Did you know pollinators are responsible for bringing us one out of every three bites of food? Animals and insects, like birds, bees, bats and butterflies, help move pollen from flower to flower — this process is essential to our food system and the survival of our native plants and flowers here in Ohio. According to the U.S. Forest Service, there are 1,400 crop plants in the world and almost 80% require pollination by animals and insects. For many years, the pollinator population has unfortunately been on the decline.

Check out this example of how the pollinator process works.

Partnering to Promote Pollinators 🐝

Earlier this year, leaders at Buzzard’s Roost Nature Preserve in Chillicothe reached out to AEP Ohio with an idea to turn the existing right-of-way — the area around AEP Ohio’s power lines and equipment — into a designated pollinator habitat to help promote the growth of native wildflowers and plants. When the AEP Ohio forestry team heard about the opportunity, they quickly jumped on board — realizing their work to keep the right-of-way clear could serve a dual purpose by helping keep the power on for customers and boosting pollinators. 

The pollinator habitat planting process is happening in four phases:

  • Treating the right-of-way with herbicides registered for use with the Environmental Protection Agency (EPA) and other state and federal agencies
  • Trimming the side walls of the right-of-way to open the canopy (the layer of leaves and branches that cover the ground when viewed from above) to allow more sunlight into the area
  • Mowing the area to bare ground to promote growth of the pollinator seed mixture
  • Placing a mixture of pollinator seeds on the ground 

AEP Ohio is currently in the process of the final herbicide treatment. Seeding will happen in late winter or early spring.

How You Can Help

Are you interested in boosting pollinators on your property? We recommend following these steps: 

  • Identify the area where you would like to plant the pollinators. Remember, it’s important to plan before you plant.
  • Work with a local nursery to select seeds that will thrive in your area. 
  • Begin seeding in late winter. Seeding in late winter mimics the natural environment. In the fall, some tree and plant species create their seeds, which then lay in the ground all winter long. The freezing and thawing of the ground in the winter forces the seeds deeper into the soil. And when the soil starts to warm in the spring, the plants are ready to sprout! 🌱

To learn more about the work of our forestry team and how they help keep your power on, visit AEPOhio.com/Trees

7 responses to “Creating ‘Buzz’ at Buzzard’s Roost Nature Preserve

  1. Reading your article about the pollinator seeds gave me a warm feeling inside! With todays world being torn with covid, an economy that leaves a lot to desire especially if your retired as myself and my husband are, sometimes you just have to let it go and enjoy the simple free things in life!! Flowers are one of them!!!!! Thanks for spreading the seeds!!!!!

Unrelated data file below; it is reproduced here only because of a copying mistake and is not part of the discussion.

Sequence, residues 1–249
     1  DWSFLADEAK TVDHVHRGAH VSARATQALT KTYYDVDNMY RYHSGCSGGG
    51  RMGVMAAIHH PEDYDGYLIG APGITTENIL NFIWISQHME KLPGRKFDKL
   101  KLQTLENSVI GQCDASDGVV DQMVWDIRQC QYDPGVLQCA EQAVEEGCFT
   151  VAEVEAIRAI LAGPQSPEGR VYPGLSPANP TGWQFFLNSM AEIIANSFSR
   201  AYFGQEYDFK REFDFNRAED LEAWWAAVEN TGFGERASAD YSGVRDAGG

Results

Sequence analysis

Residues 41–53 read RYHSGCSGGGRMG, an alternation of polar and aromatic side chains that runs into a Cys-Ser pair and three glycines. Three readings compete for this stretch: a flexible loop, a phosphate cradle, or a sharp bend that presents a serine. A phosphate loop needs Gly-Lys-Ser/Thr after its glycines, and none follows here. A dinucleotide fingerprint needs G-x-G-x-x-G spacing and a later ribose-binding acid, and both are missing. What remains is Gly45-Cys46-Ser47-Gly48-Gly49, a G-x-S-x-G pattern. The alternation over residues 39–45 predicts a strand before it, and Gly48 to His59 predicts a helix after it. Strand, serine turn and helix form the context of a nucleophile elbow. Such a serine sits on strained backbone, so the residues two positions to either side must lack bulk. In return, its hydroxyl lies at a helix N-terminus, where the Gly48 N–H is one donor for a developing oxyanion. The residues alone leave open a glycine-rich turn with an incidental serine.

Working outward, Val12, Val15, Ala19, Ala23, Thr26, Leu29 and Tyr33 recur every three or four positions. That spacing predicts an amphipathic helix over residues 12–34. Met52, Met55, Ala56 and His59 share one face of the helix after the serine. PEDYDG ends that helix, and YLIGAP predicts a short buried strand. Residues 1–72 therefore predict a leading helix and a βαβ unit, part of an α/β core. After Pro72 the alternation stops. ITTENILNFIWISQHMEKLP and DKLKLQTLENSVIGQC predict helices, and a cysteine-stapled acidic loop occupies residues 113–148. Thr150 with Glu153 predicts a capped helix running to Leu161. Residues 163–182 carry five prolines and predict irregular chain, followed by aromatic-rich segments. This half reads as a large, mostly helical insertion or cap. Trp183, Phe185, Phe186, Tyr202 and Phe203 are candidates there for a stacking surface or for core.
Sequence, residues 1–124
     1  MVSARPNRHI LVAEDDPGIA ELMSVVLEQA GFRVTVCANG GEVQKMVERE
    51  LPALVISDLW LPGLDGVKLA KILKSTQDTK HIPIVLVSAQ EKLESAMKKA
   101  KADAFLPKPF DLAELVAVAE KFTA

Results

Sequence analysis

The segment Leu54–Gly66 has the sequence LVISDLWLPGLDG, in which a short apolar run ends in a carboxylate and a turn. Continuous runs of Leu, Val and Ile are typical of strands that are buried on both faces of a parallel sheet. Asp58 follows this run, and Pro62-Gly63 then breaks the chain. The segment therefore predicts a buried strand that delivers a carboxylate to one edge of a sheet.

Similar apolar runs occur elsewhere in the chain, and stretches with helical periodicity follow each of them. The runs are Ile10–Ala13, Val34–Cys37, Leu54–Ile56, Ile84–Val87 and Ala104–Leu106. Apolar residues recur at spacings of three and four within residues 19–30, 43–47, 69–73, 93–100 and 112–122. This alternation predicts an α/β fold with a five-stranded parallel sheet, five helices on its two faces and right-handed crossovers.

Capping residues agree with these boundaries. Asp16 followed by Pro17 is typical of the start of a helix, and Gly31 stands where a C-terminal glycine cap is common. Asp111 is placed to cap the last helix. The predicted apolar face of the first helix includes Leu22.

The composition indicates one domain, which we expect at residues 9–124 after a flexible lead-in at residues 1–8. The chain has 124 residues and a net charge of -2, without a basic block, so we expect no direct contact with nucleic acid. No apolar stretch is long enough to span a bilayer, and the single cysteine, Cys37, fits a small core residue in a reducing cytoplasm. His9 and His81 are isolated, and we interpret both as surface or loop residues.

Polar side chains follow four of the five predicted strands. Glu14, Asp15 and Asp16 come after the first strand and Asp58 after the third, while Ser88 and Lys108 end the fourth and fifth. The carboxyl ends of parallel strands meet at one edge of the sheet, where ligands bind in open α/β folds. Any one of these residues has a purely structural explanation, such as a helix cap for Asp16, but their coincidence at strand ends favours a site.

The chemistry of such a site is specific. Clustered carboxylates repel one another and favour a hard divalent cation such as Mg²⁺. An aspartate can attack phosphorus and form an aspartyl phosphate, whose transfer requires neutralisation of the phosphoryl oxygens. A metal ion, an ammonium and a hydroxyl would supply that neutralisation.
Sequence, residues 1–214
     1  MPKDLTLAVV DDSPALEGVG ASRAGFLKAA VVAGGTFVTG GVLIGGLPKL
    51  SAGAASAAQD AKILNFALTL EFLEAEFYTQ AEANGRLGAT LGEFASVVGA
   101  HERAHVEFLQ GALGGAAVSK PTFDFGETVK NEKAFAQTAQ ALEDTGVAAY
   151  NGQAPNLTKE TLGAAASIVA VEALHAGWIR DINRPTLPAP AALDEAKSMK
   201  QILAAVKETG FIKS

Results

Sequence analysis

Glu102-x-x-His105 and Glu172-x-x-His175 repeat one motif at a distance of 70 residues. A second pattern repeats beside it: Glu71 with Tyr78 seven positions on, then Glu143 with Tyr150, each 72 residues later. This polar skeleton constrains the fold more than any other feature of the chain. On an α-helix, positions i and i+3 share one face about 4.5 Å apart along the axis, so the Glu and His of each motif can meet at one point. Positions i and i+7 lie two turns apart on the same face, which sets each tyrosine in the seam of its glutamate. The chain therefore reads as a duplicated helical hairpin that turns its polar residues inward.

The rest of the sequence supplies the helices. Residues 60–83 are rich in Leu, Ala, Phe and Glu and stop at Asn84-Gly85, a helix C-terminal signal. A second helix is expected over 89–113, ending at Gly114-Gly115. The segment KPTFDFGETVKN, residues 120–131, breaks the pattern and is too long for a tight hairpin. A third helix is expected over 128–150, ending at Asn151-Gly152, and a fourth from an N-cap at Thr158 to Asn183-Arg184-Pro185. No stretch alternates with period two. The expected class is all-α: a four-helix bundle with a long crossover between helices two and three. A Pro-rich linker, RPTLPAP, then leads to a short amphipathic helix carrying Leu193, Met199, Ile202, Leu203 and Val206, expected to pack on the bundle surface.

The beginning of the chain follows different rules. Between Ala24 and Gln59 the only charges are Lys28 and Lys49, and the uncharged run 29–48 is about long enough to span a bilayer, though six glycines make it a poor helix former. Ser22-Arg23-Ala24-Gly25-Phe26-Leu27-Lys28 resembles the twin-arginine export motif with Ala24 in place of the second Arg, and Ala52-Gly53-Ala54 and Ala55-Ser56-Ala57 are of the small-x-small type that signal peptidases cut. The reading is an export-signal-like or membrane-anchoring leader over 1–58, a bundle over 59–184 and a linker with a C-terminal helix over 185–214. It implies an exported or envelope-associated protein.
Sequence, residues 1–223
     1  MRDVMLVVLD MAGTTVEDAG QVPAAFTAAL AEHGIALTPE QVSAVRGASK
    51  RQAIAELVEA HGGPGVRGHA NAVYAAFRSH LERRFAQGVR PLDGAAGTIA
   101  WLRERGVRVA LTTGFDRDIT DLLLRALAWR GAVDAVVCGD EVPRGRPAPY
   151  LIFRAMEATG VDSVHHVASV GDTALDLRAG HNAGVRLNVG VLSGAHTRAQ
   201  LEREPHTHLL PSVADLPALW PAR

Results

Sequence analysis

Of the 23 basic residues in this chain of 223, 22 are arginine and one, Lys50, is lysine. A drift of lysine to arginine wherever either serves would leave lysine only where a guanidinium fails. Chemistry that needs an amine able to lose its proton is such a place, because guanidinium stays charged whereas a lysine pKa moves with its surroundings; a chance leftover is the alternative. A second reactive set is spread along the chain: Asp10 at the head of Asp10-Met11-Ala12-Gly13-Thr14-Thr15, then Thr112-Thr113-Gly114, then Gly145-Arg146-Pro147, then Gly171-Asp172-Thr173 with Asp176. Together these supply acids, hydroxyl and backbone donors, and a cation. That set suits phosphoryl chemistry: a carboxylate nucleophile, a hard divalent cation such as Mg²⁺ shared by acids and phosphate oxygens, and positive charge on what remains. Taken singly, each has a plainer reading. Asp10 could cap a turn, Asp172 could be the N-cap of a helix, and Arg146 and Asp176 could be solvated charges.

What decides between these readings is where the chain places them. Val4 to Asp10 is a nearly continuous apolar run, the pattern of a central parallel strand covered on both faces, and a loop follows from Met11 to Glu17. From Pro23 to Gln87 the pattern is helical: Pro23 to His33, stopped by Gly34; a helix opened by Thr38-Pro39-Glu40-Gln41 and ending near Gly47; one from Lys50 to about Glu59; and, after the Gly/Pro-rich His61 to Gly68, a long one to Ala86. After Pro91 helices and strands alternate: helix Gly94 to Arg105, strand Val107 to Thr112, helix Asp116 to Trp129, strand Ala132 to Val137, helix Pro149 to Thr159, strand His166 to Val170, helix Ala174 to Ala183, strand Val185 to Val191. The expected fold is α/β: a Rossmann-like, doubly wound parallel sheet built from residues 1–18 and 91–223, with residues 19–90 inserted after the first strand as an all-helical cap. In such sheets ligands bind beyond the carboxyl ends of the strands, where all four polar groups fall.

1. Hi Tom. AEP doesn’t supply native seeds to customers. You may want to try the Pollinator Partnership, the Ohio Department of Natural Resources, your county Soil and Water Conservation District, Pheasants Forever (which, in additional to supporting game birds, also provides seed mixes for pollinators) or possibly the Ohio Conservation Reserve Program.

  2. I know in the 11 plus years I’ve lived here, I’ve had a few issues here where my daughter & grandsons and I also live on this property. Whenever something bad (usually a tree falling across the lines n bringing them down), there’s guy’s that are immediately out (& of course I always report outages) cruising, checking. If the they hear of a report, they go to the scene until the crew’s start arriving, to divert and protect people. This at night time! They work hard until they get it fixed. Thank you each n every one for what you do. To know my elderly parents n neighbors, my grandbabies are cared for (I feel like).
    Hopefully, in my own way of showing thanks by planting some various local flora needing conservation for my area of Ohio!

  3. Congratulations. That’s a commendable goal.
    I know when I’ve had problems they ALWAYS did their jobs until it was finished. I already enthusiastically n effusively thanked the hard working men n women who brave horrible weather and conditions!

  4. Fantastic plan !!
    I have started a pollinator habitat on a portion of my AEP right of way.
    Will/can AEP help me to expand my plantings?

    1. Richard, if you’re considering planting a pollinator-promoting native seed garden, check with your local nursery, cooperative extension agent or online. Many nonprofit organizations and companies have information about pollinator-friendly native seed mixes, which are sometimes locally produced by independent farmers.

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